one allergenic tree from each family is sufficient. The local variety of trees differs across North America. Thus practitioners will need to gather information about their local pollens. Allergen extract providers, publications, botanists, and environmental agencies are often reasonable sources of information. Common allergenic trees include oak, cedar, and birch. Grass pollens exhibit high potency and high cross-reactivity (21). Selecting one grass from each family represented in the region is sufficient. In most areas, three representative grass pollens will suffice. Grass pollen is most prevalent in the summer. Weed pollen is present in the summer and fall. Ragweed is a potent, abundant, and widely distributed pollen that tends to be released in the late summer and early fall. Weed pollens have less crossreactivity than grass and vary significantly by region (20). It is sensible to research local antigenic weeds and create a panel that accounts for cross-reactivity.

Inhalant mold allergy is produced by the air-borne mold spores. Spore counts typically range between 5,000 and 50,000 spores/m3 of air (23). A person typically breaths around 3 m3 daily. (For reference, a moderate grass pollen level would be 5 grains/m3.) Multiple factors make testing for mold allergy problematic. There are over one million species of mold that have been identified, but less than 80 are known to play a role in respiratory pathology (24). Multiple factors including poor resources to obtain regional mold data, changing taxonomy, and the sheer quantity of routine exposure further complicate mold allergy. Additionally, spores collected from the single mold strain can vary substantially in antigenicity. And, crossreactivity between molds varies. Molds within the same genus can be antigenically distinct and molds of different families sometimes display significant cross-reactivity. Despite this, mold is a commonly identified sensitivity and immunotherapy for some molds has been shown to be effective (24).

Proteins on animal dander are frequently antigenic. As such, common household pets like cats and dogs are frequently included on testing panels for persistent allergy symptoms. Fel d 1 is the major allergen found in cat saliva and dander but the function of the protein is unknown (19). Cat allergen has been identified in dust collected from schools, and living with a cat is not required to become sensitized (19). Dander tends to be a small particle and is frequently a trigger for allergic asthma. Beyond dog and cat, the patient’s history should be used to guide testing. Guinea pigs, laboratory animals, farm animals, and pet birds are other frequent sources of allergic sensitization in exposed atopic individuals (25).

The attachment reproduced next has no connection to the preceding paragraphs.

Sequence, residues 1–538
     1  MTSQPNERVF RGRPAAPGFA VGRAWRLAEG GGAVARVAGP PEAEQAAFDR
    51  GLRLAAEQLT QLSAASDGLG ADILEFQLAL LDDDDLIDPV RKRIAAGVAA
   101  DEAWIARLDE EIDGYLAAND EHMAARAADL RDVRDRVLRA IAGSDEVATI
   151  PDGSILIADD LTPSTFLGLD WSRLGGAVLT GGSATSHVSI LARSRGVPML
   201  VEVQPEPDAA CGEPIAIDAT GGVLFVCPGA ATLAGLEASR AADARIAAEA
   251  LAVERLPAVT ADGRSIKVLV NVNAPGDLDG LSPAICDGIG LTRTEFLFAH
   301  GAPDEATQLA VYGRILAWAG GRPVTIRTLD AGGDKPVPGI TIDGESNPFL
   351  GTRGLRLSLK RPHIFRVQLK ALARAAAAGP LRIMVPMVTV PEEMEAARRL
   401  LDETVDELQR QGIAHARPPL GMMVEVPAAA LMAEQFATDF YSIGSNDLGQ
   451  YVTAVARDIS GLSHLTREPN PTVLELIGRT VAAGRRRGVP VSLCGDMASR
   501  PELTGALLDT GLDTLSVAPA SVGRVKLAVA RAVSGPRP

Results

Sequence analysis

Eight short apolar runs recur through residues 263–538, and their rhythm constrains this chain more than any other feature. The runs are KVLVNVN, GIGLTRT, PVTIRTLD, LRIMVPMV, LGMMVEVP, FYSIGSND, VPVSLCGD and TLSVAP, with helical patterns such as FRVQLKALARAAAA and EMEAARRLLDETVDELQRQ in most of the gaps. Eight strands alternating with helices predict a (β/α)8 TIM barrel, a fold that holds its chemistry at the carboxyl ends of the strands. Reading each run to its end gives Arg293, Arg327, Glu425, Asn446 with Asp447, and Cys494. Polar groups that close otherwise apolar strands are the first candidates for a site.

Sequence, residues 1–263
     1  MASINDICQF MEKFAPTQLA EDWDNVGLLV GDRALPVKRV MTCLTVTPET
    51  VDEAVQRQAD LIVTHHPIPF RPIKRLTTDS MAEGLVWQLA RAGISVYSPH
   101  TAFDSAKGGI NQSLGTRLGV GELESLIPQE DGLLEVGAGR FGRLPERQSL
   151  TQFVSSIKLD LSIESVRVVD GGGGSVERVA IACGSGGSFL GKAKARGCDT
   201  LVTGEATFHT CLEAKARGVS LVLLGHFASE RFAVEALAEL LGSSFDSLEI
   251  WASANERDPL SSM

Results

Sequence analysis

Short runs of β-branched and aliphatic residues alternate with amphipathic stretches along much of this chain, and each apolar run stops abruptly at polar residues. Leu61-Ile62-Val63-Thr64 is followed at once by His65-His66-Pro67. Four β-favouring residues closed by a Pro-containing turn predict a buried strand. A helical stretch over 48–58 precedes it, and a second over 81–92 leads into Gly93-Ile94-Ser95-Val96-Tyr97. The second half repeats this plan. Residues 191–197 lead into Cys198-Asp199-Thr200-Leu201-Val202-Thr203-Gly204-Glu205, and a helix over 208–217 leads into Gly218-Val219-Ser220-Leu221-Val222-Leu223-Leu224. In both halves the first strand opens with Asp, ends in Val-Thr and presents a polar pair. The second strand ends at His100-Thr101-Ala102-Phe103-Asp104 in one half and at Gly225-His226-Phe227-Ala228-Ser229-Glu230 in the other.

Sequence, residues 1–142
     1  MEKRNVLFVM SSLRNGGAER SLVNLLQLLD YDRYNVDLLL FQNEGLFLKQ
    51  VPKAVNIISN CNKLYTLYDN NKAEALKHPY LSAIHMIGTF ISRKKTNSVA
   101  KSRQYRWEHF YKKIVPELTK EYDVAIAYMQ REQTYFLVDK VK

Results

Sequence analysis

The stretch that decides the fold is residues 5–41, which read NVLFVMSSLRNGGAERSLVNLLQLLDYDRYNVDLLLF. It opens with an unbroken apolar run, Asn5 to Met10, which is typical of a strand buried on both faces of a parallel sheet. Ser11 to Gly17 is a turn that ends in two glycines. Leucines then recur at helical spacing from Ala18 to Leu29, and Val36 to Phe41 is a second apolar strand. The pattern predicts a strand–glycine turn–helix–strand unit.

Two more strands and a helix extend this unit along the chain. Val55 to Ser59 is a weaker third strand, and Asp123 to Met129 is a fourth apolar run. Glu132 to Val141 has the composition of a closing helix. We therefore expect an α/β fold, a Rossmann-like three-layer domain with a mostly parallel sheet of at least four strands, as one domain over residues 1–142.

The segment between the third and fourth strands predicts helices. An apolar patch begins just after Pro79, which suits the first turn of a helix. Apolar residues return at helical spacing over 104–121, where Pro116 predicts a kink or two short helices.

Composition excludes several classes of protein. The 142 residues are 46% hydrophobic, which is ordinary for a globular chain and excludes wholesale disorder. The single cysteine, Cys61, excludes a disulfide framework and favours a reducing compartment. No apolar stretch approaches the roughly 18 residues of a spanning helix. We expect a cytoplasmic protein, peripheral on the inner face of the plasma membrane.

Arthropod allergy mostly encompasses dust mites (26) and cockroach. However, sometimes a careful history can lead to other concerns; an obscure example would be Asian ladybug sensitization for those living in log cabins (27). Dust mite allergy is very common. Dust mites thrive in humid temperate regions and feed on the gram of human skin each person sheds daily. They are found in high quantity in pillows and mattresses but also found in furniture used frequently. They are microscopic and do not cause symptoms in nonsensitized individuals. There are two common dust mite species in the United States, Dermatophagoides farinae and Dermatophagoides pteronyssinus. Blomia tropicalis can be found in southern regions approaching tropical climates. Cockroach allergy is especially problematic for childhood asthma in urban settings (28).


Smaller panels of 9 to 15 selected allergens have been shown to correlate well with larger batteries of allergy tests (29,30). Regional antigenically distinct trees and weeds along with a grass from each family represented in the region are commonly selected pollens. Most screening panels would also include dog, cat, D. farinae, and D. pteronyssinus. Common allergenic molds including Alternaria, Aspergillus, Hormodendrum, Helminthosporium, and Penicillium are frequently tested. Sometimes with skin or sIgE screening, several allergens are combined as a mix, for example, tree mix, grass mix, or mold mix.


In 1865, Charles Blackley suspected he had allergic rhinitis, abraded his skin, and bandaged grass pollen grains over the wound. An intense cutaneous response developed and allergy skin testing was discovered (31). Blackley had performed a version of a scratch test, which is today discouraged because of inconsistencies with the technique (32,33

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May 24, 2016 | Posted by in OTOLARYNGOLOGY | Comments Off on Allergy Testing